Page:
Review by Phange
Far more addicting than it should be
Yoshi's Touch and Go is the first Nintendo-released DS game since... well... since launch. The game is essentially a fleshed-out version of Balloon Trip , a quirky E3 demo where the player guides Baby Mario by creating clouds. This mode still exists in YTAG, but plays second fiddle to the much more interesting and dynamic main walking sequence. Nintendo's focus on the Yoshi Walking sequence is fairly obvious, given that once you pass the Baby Mario falling level it can be skipped until the mode has been exited. Even if you die.
Essentially, YTAG is a platformer with the heart of a classic puzzle game. Yoshi moves forward without any instruction from the player, and the player must do everything in his/her power to get Yoshi from the beginning of the level to a number of different objectives (depending on the mode). The modes are as follows:
This mode consists of the falling Baby Mario sequence, in which you can guide Baby Mario into coins (or fling bubbles of coins to him). If a sufficient amount of coins has been collected, Baby Mario will land on a different color Yoshi. Each color of Yoshi (Green, Pink, Blue, Yellow, Red, Black) can carry an increasingly larger amount of eggs and will move slightly faster than the previous one. Once Baby Mario has been guided to the bottom of the stage, the color of Yoshi will be determined and the number of coins will be tallied into the collective "points" category. Yoshi will then walk aimlessly across the screen, requiring cloud guidance and egg shooting to avoid obstacles. Once again, Yoshi must collect coins from the environment and enemies in order to score points. Yoshi will walk a specific distance (given in yards), in which time the stork will come to get Baby Mario. The final score is tallied and recorded.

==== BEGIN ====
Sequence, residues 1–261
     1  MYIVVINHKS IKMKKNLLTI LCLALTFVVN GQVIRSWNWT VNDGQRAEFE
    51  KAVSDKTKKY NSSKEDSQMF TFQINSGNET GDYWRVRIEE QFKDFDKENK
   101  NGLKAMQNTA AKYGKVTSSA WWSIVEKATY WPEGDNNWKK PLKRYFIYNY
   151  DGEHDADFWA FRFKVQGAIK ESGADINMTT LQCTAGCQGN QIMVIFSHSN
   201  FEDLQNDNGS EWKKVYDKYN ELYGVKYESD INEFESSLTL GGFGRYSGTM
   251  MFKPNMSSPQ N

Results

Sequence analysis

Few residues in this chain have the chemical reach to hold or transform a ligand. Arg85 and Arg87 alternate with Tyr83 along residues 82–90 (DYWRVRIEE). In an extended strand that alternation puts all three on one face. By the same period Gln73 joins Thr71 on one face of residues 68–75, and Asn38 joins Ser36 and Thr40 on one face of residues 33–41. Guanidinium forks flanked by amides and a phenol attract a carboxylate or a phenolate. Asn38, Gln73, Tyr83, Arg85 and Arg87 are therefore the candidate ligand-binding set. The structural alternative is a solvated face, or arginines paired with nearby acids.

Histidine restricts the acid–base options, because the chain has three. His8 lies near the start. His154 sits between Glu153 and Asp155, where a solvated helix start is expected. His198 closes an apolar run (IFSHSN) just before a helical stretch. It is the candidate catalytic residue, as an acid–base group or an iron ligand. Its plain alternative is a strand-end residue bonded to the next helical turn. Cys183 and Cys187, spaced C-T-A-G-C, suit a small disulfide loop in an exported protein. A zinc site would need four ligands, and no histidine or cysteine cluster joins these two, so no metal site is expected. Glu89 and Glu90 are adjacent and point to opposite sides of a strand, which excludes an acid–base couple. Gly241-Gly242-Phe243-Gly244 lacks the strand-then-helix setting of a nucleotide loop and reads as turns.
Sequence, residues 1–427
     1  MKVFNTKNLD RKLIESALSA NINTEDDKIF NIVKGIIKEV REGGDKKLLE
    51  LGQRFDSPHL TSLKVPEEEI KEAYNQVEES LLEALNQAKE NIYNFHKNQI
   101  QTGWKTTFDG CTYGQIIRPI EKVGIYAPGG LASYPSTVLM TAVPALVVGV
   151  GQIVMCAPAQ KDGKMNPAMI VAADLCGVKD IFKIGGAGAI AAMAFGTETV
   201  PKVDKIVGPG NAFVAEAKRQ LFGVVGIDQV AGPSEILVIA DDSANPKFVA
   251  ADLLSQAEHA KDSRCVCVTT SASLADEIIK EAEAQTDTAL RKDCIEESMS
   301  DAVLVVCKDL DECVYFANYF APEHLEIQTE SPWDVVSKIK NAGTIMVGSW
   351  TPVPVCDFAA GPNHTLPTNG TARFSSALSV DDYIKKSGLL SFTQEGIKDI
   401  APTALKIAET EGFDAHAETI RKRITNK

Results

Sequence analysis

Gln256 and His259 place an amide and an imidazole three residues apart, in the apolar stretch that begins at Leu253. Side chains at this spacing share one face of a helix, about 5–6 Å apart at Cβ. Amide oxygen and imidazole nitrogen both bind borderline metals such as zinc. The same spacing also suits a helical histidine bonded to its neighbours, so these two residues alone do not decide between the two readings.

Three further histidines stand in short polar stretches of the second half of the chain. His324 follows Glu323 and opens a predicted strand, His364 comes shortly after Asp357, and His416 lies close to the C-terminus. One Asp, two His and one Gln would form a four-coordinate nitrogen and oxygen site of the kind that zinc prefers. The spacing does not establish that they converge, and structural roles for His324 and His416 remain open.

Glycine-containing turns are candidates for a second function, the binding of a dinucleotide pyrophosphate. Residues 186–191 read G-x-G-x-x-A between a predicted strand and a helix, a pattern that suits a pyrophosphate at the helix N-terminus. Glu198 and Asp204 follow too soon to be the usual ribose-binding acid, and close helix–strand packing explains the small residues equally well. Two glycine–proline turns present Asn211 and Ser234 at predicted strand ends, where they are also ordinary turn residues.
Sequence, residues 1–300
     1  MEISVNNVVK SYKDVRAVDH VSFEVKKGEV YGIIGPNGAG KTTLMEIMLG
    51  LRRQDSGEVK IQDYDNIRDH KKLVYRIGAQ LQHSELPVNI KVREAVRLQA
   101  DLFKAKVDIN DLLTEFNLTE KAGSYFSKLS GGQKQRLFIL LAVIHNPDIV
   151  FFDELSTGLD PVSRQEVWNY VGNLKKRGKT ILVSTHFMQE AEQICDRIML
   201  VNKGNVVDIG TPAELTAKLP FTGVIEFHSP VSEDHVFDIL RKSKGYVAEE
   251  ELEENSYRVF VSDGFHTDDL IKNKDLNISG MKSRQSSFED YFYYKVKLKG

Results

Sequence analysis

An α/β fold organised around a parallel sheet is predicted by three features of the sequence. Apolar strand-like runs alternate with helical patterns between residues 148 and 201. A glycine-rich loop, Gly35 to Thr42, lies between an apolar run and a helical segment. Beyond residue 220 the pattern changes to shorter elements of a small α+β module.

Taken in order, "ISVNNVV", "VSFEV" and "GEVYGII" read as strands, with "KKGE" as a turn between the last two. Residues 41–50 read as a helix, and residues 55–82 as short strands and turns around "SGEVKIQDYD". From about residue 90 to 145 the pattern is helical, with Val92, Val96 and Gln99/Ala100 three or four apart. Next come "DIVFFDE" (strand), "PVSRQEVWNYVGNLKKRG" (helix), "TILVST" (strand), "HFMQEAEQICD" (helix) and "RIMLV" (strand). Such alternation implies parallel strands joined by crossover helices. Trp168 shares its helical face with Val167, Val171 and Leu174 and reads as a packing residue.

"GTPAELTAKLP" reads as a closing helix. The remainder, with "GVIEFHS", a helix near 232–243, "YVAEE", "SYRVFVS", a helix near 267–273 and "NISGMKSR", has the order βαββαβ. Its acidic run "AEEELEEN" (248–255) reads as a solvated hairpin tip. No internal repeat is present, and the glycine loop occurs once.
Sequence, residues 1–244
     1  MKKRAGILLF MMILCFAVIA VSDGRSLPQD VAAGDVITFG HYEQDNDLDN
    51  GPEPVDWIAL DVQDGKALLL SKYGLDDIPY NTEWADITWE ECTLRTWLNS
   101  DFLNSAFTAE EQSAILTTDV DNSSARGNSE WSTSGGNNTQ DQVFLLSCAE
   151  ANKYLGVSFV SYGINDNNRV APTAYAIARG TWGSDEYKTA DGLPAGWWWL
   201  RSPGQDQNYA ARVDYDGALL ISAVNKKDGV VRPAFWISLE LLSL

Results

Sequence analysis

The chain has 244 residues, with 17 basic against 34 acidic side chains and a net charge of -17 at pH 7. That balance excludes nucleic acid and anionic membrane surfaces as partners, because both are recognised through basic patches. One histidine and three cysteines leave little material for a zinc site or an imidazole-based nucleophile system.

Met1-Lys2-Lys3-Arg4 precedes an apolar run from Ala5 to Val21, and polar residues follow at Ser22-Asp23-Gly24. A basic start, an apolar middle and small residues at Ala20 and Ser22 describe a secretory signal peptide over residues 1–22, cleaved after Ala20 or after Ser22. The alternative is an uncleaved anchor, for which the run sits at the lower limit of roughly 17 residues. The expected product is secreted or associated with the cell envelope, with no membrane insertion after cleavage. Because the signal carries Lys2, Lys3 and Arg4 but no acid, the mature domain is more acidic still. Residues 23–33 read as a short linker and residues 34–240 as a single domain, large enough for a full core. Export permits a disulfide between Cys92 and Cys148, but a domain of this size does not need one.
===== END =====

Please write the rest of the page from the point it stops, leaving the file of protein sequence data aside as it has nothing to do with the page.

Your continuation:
Initially, Score Attack seems to be the most logical game. It has a definite end, a definite score, and some semblance of a storyline (though extremely rudimentary). Unfortunately, once you score over 300 points there seems to be very little reason to play the game (it unlocks Time Attack mode, a much more interesting mode). Ultimately this mode won't be played much.
Realistically, this is the main mode of the game. There is no end, but each time Yoshi arrives at the end of the stage he will transfer Baby Mario to another Yoshi (an upgraded one) and the quest will continue through and entirely different area. Because the areas are so varied and the gameplay is so much more suited to the "platformer" that most people expect out of a Yoshi's Island-inspired game. Coins are basically worthless except for giving Baby Mario a super powerup every 100 coins. Just like in Yoshi's Island, Baby Mario goes berserk and can basically destroy everything in his wake. This mode does not tally points, relying instead on the amount of yards Yoshi covered before getting hurt.
Without Marathon Mode, the game would score well below a 5 because it lacks a true story mode.
Similar to Score Attack except the player must guide Baby Mario and Yoshi to the end of the level and save Luigi as fast as possible. It's strategic, but not much fun.
Basically a timed Marathon Mode in which enemies and coins restore the clock. Once the clock hits zero, Kamek swoops down from the sky and steals Baby Mario. The more yards covered the better.
Unfortunately YTAG is fairly lacking in modes. Marathon Mode is an endlessly addictive mode that saves the game from being lackluster. With excellent gameplay mechanics, it's disappointing to see that YTAG lacks a story mode. Nevertheless, it is an excellent platformer/puzzle and is certainly the best DS game since Mario 64 DS.
Rating: 3.5 - Good
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